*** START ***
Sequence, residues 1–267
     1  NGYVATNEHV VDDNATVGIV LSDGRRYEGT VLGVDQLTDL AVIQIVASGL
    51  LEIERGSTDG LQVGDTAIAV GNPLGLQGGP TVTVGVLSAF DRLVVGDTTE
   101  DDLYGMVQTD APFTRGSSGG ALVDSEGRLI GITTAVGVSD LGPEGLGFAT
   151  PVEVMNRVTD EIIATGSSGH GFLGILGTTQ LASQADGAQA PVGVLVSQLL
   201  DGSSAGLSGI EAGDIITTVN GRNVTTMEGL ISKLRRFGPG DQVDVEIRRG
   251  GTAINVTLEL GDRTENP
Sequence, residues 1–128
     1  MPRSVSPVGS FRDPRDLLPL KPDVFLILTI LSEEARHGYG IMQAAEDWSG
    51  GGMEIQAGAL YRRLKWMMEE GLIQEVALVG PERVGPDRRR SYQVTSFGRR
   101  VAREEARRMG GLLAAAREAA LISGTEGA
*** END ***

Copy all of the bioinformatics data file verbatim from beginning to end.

Sequence, residues 1–267
     1  NGYVATNEHV VDDNATVGIV LSDGRRYEGT VLGVDQLTDL AVIQIVASGL
    51  LEIERGSTDG LQVGDTAIAV GNPLGLQGGP TVTVGVLSAF DRLVVGDTTE
   101  DDLYGMVQTD APFTRGSSGG ALVDSEGRLI GITTAVGVSD LGPEGLGFAT
   151  PVEVMNRVTD EIIATGSSGH GFLGILGTTQ LASQADGAQA PVGVLVSQLL
   201  DGSSAGLSGI EAGDIITTVN GRNVTTMEGL ISKLRRFGPG DQVDVEIRRG
   251  GTAINVTLEL GDRTENP
Sequence, residues 1–128
     1  MPRSVSPVGS FRDPRDLLPL KPDVFLILTI LSEEARHGYG IMQAAEDWSG
    51  GGMEIQAGAL YRRLKWMMEE GLIQEVALVG PERVGPDRRR SYQVTSFGRR
   101  VAREEARRMG GLLAAAREAA LISGTEGA